Robert Goddard was born, educated, taught, and performed the first liquid-fuel rocket flight in Massachusetts. Why then were his later launches done in New Mexico?
2$\begingroup$ Reduced chance of dropping a spent stage on someone's head? $\endgroup$– HobbesJul 22, 2019 at 12:35
Well, I'm sure somebody could dig up more details, but an article covering Goddard's life in this past weekend's Worcester Telegram and Gazette, "Pioneering rocket scientist Robert Goddard of Worcester vindicated 50 years ago in lunar landing" describes how he moved his operations after early experiments caused a bit of commotion:
That [first] launch was done in secret by the publicity-shy Goddard, according to The Associated Press book “Breaking News: How the Associated Press Has Covered War, Peace and Everything Else.”
The AP writes: “Three years later, on July 17, 1929, Goddard was ready to launch an 11-foot, 35-pound rocket from the farm. This time reporters were invited to watch. As the rocket rose, it emitted a tremendous roar. After topping out at 80 feet, it landed 171 feet away, the gasoline tank exploding when it hit.
“The racket was heard two miles away and convinced that a plane had crashed, police cars and ambulances converged on the scene. Goddard considered the test a success, but not the newspapers. The St. Louis Post-Dispatch headlined, ‘Rocket Starts for the Moon but Blows Up on the Way.’ In the Los Angeles Times, ‘Man in Moon Turns Green.’ ”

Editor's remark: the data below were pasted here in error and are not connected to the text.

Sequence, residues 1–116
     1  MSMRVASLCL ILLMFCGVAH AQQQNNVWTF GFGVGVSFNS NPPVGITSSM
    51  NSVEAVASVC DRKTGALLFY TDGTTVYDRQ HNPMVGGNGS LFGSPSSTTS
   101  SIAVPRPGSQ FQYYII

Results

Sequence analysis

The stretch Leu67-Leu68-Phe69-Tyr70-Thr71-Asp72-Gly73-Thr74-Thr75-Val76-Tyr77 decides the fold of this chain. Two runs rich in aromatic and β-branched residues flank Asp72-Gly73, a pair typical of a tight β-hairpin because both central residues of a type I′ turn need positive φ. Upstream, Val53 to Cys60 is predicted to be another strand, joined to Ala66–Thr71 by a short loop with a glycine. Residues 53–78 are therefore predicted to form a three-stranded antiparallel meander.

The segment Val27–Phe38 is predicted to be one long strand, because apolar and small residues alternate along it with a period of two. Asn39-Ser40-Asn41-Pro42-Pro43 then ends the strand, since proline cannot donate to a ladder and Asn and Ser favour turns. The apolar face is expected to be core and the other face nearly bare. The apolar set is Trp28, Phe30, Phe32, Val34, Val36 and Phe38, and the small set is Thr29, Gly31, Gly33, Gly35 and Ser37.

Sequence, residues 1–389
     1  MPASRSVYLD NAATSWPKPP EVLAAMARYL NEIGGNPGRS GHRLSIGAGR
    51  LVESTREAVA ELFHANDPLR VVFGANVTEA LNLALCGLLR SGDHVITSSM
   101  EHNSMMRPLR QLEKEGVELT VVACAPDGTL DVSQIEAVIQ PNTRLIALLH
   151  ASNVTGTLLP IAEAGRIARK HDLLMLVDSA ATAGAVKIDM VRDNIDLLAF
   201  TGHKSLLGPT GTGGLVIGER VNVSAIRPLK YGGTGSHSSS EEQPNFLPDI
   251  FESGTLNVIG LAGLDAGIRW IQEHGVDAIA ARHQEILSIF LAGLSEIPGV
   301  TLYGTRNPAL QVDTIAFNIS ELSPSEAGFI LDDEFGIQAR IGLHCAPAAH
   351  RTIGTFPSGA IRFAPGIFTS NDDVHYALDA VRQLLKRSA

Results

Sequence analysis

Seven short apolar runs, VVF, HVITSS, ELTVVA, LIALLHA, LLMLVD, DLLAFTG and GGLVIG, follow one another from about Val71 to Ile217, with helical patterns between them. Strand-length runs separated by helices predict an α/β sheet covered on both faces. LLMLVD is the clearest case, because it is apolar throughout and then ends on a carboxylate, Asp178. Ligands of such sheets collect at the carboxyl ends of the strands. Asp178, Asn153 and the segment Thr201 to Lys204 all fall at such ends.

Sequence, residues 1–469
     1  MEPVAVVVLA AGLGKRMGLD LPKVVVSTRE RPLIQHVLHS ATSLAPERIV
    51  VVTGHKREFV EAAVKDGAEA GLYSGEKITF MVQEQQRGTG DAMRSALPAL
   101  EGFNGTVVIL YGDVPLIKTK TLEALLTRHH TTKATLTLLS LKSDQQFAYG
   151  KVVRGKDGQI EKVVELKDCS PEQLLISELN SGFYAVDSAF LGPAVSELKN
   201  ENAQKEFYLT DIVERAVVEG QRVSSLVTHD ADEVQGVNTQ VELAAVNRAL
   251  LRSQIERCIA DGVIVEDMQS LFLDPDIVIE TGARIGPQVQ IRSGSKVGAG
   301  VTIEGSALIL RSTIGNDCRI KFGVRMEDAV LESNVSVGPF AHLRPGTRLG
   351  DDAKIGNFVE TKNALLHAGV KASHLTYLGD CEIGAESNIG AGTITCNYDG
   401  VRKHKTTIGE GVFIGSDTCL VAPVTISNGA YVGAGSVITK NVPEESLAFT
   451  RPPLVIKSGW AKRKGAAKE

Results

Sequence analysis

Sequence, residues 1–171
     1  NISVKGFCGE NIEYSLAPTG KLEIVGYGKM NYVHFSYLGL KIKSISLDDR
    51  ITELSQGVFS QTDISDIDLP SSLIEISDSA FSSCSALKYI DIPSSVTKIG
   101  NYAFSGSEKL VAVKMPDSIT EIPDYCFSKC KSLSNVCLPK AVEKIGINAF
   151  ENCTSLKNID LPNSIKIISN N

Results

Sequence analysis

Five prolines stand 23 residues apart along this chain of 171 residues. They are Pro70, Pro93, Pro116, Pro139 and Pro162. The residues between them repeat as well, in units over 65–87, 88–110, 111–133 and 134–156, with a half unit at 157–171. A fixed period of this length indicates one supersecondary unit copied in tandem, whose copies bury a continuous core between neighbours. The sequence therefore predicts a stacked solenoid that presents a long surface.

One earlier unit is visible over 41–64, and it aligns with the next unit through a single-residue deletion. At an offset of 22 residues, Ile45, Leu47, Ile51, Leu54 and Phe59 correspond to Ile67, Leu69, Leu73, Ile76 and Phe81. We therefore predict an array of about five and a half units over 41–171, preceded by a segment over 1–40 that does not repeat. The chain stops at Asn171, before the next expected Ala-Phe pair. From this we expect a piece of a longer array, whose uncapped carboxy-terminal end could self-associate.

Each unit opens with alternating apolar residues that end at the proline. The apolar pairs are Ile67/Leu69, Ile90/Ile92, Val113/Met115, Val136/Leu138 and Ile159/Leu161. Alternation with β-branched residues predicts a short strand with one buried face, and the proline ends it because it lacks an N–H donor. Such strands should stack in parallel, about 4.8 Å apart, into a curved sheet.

Local fire officials put an end to the rocket launches from the Auburn hillside.
Goddard’s tests were taken seriously by the aviator Charles Lindbergh, who visited Goddard in Worcester in 1929 to discuss rocketry, and persuaded the Guggenheim Foundation to fund the scientist’s work. “Goddard moved his operation to a field near Roswell, New Mexico, where, for more than a decade, he conducted a series of increasingly sophisticated rocket experiments, with flights up to 9,000 feet and speeds approaching supersonic,” the AP writes.
People thought he was an eccentric scientist (at best), and they didn't want his explosive experiments around. In New Mexico, he got funding and it was a place people were willing to let him work.
Nowadays, of course, Auburn and Worcester are more than happy to take credit for being where Goddard launched the age of modern rocketry.
$\begingroup$ There's a museum in Roswell with a lot of nice Goddard artifacts. $\endgroup$ Jul 24, 2019 at 15:08
1$\begingroup$ I went to college at WPI (several years ago now, boy does time fly), and did a paper on Goddard for my Humanities project. They have a bunch of stuff in their archives in their library, and I believe Clark University also has a lot. It's been a while since I've dug into any of this, but I want to pull up more primary sources to support this answer when I get some time. (I'm unlikely to have time anytime soon, though.) $\endgroup$– user16813Jul 24, 2019 at 15:38